Palaeontological Museum

Palaeontological Museum

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A walk through Nierstein is also always a journey into the past.

Not only because of the beautiful houses and courts of Nierstein’s former nobility.

The first traces of settlement have been found here as early as 5,700 BC (!). The Celts were here around 1000 BC. And shortly thereafter, of course, the Romans - who probably also brought vine to the Rhine.

But here – at the former town hall – we have to go back in time much further:

Millions of years, namely, in a time long before mankind, when the roar of the dinosaurs echoed over the jungles. Because the building here at the Market Square Number 1 houses a prehistoric museum! Scientists from all over the world come here to examine the unique collection of thousands of fossils of all geological eras. There are plants, animals, foot- and paw prints and much more. If you just have a look to the left, next to the entrance portal, for example, you will see the petrified stump of a sequoia tree - it is 30 million years old. Right here on the Market Square in Nierstein – as a part of the exhibition.

If you are going to visit the Paleontological Museum you could admire the world’s smallest (!) ever found dinosaur – with only a few millimeters of length. And as cute as this sounds, it is in fact scientifically really unique and quire a big thing – as are many other exhibits here. The founder of the museum, Arnulf Stapf, even received the “Federal Cross of Merit” for his palaeontological lifetime achievement! – Well, and all that here, rather inconspicuous, in Nierstein. You probably wouldn’t have expected that, would you?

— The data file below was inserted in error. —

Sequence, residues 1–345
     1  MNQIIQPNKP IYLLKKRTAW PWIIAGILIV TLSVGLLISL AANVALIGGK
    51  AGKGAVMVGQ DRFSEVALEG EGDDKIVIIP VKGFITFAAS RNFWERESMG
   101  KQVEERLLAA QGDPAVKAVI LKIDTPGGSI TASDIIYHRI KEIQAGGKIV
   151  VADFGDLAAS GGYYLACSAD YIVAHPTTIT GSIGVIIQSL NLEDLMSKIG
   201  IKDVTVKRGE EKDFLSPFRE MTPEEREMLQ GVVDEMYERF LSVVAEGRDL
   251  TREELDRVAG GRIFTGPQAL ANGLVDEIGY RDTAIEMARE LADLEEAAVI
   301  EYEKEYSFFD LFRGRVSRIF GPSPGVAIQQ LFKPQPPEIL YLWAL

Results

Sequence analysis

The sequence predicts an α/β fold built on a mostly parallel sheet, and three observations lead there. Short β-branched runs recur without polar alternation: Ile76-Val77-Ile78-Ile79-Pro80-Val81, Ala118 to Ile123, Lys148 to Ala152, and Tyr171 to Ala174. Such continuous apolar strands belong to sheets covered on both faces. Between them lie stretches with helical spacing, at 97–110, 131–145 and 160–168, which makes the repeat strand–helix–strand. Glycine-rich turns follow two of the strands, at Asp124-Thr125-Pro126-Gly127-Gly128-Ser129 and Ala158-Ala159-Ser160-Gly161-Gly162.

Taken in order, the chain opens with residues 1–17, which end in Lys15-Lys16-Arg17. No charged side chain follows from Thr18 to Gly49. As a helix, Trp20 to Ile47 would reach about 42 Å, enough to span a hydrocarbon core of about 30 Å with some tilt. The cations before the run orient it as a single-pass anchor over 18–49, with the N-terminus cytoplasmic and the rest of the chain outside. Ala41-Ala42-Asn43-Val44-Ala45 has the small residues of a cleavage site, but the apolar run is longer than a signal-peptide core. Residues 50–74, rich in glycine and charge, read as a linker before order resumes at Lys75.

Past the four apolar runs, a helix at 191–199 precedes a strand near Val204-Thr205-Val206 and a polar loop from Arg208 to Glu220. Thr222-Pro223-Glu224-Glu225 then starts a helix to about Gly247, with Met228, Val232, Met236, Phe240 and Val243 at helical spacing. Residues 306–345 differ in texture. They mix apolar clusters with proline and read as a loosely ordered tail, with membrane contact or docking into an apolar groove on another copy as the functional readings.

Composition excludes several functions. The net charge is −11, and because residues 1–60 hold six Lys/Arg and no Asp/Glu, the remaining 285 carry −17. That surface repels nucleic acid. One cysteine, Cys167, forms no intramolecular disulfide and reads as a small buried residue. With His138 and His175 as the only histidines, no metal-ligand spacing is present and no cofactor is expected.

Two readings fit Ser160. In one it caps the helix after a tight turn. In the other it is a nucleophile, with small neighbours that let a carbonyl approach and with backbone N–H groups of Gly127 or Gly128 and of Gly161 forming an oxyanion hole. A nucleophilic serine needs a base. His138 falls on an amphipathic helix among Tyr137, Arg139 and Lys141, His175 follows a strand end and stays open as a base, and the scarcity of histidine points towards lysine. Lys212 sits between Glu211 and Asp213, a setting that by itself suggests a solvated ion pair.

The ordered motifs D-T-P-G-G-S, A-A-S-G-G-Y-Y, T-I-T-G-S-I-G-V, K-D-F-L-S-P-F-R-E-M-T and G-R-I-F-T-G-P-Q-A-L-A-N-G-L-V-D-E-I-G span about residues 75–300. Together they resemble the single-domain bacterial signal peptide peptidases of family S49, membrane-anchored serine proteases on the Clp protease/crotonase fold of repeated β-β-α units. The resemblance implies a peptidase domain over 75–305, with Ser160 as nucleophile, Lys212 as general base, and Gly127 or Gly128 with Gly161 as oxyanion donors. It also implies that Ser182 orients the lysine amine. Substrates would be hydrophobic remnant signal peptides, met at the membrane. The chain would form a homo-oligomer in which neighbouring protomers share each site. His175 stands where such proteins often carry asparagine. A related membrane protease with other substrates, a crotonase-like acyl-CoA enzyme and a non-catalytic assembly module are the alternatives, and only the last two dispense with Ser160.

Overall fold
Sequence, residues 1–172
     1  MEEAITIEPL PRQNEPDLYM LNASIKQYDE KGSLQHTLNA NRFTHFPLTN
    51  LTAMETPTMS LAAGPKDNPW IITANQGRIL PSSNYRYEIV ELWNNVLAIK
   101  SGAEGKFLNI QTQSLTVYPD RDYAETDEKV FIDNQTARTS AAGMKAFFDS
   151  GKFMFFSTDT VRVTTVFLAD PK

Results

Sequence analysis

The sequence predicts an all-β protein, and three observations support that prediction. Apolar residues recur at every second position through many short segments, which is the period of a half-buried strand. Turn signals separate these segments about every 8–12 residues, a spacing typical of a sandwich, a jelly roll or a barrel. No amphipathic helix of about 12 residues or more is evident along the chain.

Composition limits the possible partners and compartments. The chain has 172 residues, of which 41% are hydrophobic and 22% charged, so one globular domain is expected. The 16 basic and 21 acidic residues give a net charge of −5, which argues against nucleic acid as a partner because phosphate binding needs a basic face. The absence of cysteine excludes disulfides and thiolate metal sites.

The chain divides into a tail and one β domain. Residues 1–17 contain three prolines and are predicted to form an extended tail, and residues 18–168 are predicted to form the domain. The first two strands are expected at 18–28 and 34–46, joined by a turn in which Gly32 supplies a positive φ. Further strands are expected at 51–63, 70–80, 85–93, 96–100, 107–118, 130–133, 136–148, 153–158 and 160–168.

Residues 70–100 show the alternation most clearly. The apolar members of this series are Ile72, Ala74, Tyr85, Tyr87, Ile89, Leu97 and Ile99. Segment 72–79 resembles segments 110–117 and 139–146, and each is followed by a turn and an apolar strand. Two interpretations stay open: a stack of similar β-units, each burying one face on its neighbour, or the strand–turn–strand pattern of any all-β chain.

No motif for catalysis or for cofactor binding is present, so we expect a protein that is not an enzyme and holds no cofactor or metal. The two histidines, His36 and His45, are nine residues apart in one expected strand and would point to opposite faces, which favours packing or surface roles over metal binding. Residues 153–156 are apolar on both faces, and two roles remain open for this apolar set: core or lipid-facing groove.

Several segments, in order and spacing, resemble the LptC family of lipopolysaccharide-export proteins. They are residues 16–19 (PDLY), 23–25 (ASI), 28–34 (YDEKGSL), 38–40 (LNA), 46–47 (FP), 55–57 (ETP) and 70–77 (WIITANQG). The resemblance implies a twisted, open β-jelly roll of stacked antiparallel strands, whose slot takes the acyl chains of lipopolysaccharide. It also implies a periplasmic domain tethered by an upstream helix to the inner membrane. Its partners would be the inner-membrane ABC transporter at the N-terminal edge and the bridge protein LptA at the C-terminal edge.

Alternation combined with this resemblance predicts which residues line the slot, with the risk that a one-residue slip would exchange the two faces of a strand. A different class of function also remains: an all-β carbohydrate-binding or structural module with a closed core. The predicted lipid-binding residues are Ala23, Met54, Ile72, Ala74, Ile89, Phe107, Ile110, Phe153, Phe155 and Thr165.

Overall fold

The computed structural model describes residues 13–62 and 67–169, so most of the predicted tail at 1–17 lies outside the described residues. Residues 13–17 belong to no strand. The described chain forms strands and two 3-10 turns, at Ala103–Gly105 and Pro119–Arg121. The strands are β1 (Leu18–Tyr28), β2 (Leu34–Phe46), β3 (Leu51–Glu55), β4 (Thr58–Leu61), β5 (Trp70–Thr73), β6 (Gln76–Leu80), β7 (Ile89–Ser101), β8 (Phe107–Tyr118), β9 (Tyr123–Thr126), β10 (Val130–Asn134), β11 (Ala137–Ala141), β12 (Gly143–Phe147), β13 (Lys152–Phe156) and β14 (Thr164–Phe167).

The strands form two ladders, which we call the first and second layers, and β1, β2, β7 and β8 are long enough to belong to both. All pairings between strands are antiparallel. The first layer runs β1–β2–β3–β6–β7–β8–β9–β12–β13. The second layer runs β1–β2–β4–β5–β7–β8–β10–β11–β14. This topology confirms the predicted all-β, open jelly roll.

Our next stop is the half-timbered building just on the left.

Route to the next station:

Oldest half-timbered house

Palaeontological Museum

  • English
    • German
    • French
    • Dutch

A walk through Nierstein is also always a journey into the past.

Not only because of the beautiful houses and courts of Nierstein’s former nobility.

The first traces of settlement have been found here as early as 5,700 BC (!). The Celts were here around 1000 BC. And shortly thereafter, of course, the Romans - who probably also brought vine to the Rhine.

But here – at the former town hall – we have to go back in time much further:

Millions of years, namely, in a time long before mankind, when the roar of the dinosaurs echoed over the jungles. Because the building here at the Market Square Number 1 houses a prehistoric museum! Scientists from all over the world come here to examine the unique collection of thousands of fossils of all geological eras. There are plants, animals, foot- and paw prints and much more. If you just have a look to the left, next to the entrance portal, for example, you will see the petrified stump of a sequoia tree - it is 30 million years old. Right here on the Market Square in Nierstein – as a part of the exhibition.

If you are going to visit the Paleontological Museum you could admire the world’s smallest (!) ever found dinosaur – with only a few millimeters of length. And as cute as this sounds, it is in fact scientifically really unique and quire a big thing – as are many other exhibits here. The founder of the museum, Arnulf Stapf, even received the “Federal Cross of Merit” for his palaeontological lifetime achievement! – Well, and all that here, rather inconspicuous, in Nierstein. You probably wouldn’t have expected that, would you?

Our next stop is the half-timbered building just on the left.

Route to the next station:

Oldest half-timbered house

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